Sunday, June 01, 2008

Why Spelding supports the Sainsbury's planning application

The Gurn has received this article from Spelding, for further articles and news on the Sainsbury's planning application please read lower posts.
How many businesses within the High Street area would be directly affected by the arrival of Sainsbury’s (or any other large supermarket)? Aren’t they all being hit by the constant competition and ‘leakage’ to various stores within a 10, 16 and 22 miles area anyway? Would it not be better to have the ‘leakage’ on your own doorstep? Who knows, having a larger, big named store might actually reverse the leakage and encourage consumers from Inverness, Forres and Elgin to come to Nairn.

Let’s have a look at the current make-up of the High Street. What does the ‘vitality and viability of Nairn town centre’ consist of, in fact, what the hell does it mean? A quick search at
Scotland.gov . ' Vitality is a measure of how lively and busy a town centre is and viability is a measure of its capacity to attract ongoing investment, for maintenance, improvement and adaptation to changing needs.’ Another quote from the same site ‘Out-of-Centre locations, for example stand-alone food stores, should be considered only if it can be demonstrated that all town centre, edge of town centre and other commercial centre options have been thoroughly assessed and discounted as unsuitable or unavailable; that development on the scale proposed is appropriate; and that there will be no significant adverse effect on the vitality and viability of existing centres.’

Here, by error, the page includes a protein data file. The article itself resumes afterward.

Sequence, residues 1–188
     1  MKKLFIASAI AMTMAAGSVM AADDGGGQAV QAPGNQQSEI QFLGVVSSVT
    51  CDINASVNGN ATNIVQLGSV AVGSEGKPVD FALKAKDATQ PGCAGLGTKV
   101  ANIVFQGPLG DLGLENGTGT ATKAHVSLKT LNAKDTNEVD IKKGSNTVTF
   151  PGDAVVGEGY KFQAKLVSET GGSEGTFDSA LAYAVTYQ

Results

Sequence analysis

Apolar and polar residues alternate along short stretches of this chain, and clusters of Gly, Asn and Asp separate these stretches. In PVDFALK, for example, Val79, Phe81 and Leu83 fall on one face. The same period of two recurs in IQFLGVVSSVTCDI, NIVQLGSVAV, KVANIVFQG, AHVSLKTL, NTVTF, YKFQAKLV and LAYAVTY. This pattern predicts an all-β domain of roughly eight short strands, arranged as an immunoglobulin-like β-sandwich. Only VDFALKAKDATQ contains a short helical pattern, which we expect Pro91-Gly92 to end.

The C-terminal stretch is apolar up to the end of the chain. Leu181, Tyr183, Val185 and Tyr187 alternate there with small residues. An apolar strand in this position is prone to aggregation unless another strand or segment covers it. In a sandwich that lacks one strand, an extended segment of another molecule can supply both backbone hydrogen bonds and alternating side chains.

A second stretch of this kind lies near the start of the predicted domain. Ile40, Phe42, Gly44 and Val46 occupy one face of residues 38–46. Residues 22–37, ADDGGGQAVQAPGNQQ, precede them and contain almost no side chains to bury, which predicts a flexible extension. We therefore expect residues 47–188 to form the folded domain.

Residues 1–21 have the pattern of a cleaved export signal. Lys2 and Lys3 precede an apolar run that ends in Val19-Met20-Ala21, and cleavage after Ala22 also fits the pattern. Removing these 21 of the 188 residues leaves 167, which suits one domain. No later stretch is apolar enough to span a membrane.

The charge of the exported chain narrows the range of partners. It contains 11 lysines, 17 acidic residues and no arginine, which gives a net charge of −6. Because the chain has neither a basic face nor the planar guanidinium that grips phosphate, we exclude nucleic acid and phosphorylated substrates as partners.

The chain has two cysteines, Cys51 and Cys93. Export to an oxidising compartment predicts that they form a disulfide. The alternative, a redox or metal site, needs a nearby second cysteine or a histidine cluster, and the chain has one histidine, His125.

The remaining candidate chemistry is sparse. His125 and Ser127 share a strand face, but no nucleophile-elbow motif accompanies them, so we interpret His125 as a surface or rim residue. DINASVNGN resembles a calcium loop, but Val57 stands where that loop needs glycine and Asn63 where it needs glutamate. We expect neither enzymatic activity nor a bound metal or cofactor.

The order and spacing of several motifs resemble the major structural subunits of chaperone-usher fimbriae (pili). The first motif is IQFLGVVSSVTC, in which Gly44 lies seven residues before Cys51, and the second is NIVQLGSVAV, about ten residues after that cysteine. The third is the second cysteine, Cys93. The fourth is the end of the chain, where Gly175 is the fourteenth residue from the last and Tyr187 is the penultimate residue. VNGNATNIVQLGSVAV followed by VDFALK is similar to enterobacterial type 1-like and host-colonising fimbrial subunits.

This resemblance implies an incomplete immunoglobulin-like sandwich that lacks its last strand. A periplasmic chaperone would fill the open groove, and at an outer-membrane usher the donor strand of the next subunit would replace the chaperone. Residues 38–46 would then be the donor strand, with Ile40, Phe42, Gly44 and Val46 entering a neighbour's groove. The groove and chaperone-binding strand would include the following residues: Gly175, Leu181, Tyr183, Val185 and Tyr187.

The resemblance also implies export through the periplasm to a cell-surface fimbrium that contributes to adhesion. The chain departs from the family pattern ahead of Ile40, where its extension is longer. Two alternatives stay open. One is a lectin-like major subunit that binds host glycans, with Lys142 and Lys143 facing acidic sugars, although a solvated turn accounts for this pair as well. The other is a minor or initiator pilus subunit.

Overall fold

So how is the ‘vitality and viability’ of our town centre? A rough breakdown shows that there are approx 122 retail and business premises within an area starting from Cawdor Road Post Office at the top to Friar Tuck’s Chip shop in Harbour Street, also incorporated are Leopold Street, Church Street and St Ninian’s Road. (Please note this is a very rough analysis and is not meant to be scientific in any way, merely some musings on a dull, overcast Sunday afternoon.) Categorising the premises as follows (again, no scientific basis):

Banks/Finance/Insurance/Estate Agents/Solicitors/Offices/Local Govt 19
Bars/Off Licences 8
Bookies 2
Bridal 2
Butchers 2
Charity Shops 3
Chemists/Pharmacies 2
Clothes Shops 4
Electrical 2
Empty 9
Fruit Shops 2
Gift Shops 7
Hairdresser’s/Barber’s/Beauty Shops 9
Opticians 2
Paper Shops 2
Pet Shops/Services 4
Other* 18
Restaurants/Cafes/Takeaways 19
Supermarkets/Multinationals 6

*Other- consists of a variety of businesses ranging from Tattooist, Taxi’s, Furniture and Carpet, Funeral Directors, etc, etc